BPA offered written responses to several subscription scenarios tendered by the Oregon PUC. The questions related to the long term, not the near term, on which this group has focused, Scott Wilson of BPA said. In responding, BPA had some general principles in mind: no change in the federal statutes; BPA can acquire resources for those who want to cover the costs; and public and regional preference is preserved.
An OPUC rep asked whether BPA could recall power to serve a request from a new public utility. PF contracts and IOU exchange contracts are not recallable, but other IOU contracts are, Wilson said. In response to a question, a BPA attorney also said that under the law, the in-lieu amount of power BPA sells to an exchange customer under the PF rate cannot be reduced below what BPA acquires on behalf of the customer. BPA staffers also said contract provisions would assure exchange customers there would be PF" power available to meet load growth.
PNUCC director Dick Adams said the Transition Board is planning to send a progress report to Congress at the end of April. The board will take comments on the draft until April 24, he reported.
We have written the subscription section "in a positive fashion," consultant Al Wright said. The work group has 52 days to resolve issues before subscription is slated to begin -- it makes one more skeptical than this report indicates, he said.
We need to think about who is the audience and what message we are trying to deliver, an IOU rep said. There is still quite a bit of uncertainty, he suggested. I can see that BPA can do much of this through contracts, but we are a long way from a clear view that BPA can deliver it all, he said. This draft also implies the stranded cost issue has been severed and is in "another court," he said, questioning whether that is accurate.
If I were a member of the Transition Board, I would want to give "the right heads-up" to Congress, an IOU attorney said. So do you want to say that things aren't "as rosy" as this letter indicates? Adams asked. Yes, I would say that we have a window to resolve the issues, we are working hard on them, but it is not clear we can resolve them all without legislation, the attorney replied.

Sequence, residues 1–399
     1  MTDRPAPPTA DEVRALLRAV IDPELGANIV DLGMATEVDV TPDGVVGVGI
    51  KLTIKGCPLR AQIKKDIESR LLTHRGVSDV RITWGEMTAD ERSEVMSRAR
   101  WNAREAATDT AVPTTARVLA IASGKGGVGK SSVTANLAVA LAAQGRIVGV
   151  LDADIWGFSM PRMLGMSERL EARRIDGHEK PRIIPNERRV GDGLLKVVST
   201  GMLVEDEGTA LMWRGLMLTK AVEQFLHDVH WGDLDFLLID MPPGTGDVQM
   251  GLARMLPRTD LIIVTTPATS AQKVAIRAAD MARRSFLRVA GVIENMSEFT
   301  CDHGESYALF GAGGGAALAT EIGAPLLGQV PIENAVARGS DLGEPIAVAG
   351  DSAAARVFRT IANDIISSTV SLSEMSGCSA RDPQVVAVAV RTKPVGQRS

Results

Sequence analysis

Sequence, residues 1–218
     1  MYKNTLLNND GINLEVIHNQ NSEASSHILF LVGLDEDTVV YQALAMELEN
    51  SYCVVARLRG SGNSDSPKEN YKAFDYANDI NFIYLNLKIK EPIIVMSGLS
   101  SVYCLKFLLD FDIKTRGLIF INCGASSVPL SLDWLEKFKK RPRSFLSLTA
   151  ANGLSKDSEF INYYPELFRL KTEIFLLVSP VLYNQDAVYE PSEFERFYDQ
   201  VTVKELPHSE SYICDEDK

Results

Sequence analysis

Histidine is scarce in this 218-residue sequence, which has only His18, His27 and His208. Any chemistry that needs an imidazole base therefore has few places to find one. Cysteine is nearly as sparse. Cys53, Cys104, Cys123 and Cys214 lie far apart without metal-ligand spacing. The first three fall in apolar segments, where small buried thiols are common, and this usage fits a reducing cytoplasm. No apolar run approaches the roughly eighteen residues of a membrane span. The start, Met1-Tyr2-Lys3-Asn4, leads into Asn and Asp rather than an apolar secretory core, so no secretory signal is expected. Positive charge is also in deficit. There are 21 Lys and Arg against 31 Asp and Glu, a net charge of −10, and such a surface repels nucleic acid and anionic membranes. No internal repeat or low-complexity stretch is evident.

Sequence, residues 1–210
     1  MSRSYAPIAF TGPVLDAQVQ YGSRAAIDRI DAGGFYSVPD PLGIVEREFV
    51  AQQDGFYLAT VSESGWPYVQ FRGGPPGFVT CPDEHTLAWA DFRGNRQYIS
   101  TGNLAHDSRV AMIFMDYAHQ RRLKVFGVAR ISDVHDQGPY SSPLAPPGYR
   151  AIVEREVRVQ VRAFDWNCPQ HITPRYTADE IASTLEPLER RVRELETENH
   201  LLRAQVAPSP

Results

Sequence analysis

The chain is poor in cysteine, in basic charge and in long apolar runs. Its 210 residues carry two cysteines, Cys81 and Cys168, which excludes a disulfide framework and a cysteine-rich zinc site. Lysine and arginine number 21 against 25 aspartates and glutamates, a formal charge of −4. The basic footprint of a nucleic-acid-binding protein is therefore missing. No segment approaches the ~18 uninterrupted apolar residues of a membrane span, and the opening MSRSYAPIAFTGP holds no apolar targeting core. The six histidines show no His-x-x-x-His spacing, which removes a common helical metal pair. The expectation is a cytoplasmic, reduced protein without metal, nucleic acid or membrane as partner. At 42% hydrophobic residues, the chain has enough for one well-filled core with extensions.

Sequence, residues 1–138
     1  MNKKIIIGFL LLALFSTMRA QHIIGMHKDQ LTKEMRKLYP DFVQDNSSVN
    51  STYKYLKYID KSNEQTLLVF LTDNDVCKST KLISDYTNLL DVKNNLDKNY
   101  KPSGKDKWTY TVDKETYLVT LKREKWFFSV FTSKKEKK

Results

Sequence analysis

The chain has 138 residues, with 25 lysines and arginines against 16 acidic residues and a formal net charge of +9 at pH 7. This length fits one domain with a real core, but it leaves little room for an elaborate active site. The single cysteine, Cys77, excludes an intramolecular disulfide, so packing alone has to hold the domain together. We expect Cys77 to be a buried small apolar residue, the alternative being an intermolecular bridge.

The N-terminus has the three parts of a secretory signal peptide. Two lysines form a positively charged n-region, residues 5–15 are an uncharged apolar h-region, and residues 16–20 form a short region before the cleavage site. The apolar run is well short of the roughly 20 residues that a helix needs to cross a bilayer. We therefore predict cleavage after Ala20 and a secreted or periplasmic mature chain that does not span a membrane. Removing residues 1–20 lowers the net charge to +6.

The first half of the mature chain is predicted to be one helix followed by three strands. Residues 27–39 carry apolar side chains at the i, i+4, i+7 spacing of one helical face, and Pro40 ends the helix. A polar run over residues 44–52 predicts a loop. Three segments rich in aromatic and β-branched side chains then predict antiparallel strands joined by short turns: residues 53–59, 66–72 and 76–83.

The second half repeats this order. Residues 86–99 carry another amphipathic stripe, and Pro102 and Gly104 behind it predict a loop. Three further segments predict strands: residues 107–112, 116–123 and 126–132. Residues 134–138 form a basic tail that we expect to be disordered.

If we cannot resolve the issues here, it is not clear there will be consensus for pursuing legislation, a public power attorney said. I presume there is a large group that would say, "if we can't make subscription work, I'll opt for the status quo," Wright observed. There would be strong and varied opinion about which of the two, legislation or status quo, is most desirable, the attorney said.
The write-up also describes the process as though we will all go into bilateral negotiations at some point, an IOU rep said. It doesn't say anything about phasing or a standard contract format, he said. Administrative efficiency dictates that we will need some level of standardization, a BPA staffer responded. Does this group want to deal with those issues? he asked.
There has to be uniformity on the definition of costs, a participant said. If you're buying at an unspecified price, it's critical to understand how the costs will be determined, he said. The benefit here is low-priced power, and you have to define that, he added. If you have a rate in one contract that is "hell or high water," and you have the same rate in another contract that has a 14-day cancellation, you lose the consistency of pricing, an IOU attorney said. There are differences in those costs, and you are shifting risks, he said.
BPA used to come up with "a few amenable contract forms," but BPA's competitors won't be held to such constraints, a public power rep said. BPA came up with different arrangements and worked on them until people thought they were okay, he said. "It would be foolhardy to bring that process in here -- I don't negotiate my contract with the IOUs in the room," he said. We can come up with standard approaches to costs, but when we negotiate, different customers will want different things, he said. Customers will find different ways to get their rights, and I don't want to be constrained, he added
Cost-based rates imply that "everybody watches everybody else," an IOU rep said, and they assure everyone they are getting an equal deal. "The other world" is the purely competitive, market-rate environment -- that's where BPA prices its products based on what the market will bear and customers get a customized deal, he said. There are no checks on cost shifting in that world, he suggested, and if we want to preserve cost-based rates, we need to stick with the historical approach, he said. We are somewhere in between the two worlds, a public power rep replied. You have the costs defined, and then you go into a room and come up with the terms and conditions, he said. We're in neither world completely, and "you can't have standard offers in this world," he said.
A Public Generating Pool rep offered a list of issues that remain outstanding. Adams encouraged others to do the same. What is it we need to get closure on to move forward with subscription? he asked.
The work group decided to meet more frequently and to schedule some two-day sessions. The next meeting is all day April 29; the full group will meet mornings and subgroups will meet afternoons on May 12, 13, 27, and 28.